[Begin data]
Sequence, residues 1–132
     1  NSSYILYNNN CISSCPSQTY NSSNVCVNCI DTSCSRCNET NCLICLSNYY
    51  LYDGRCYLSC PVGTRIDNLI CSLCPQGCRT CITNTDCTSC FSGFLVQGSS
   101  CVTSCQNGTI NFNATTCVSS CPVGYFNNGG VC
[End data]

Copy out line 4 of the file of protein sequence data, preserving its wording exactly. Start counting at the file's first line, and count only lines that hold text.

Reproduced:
   101  CVTSCQNGTI NFNATTCVSS CPVGYFNNGG VC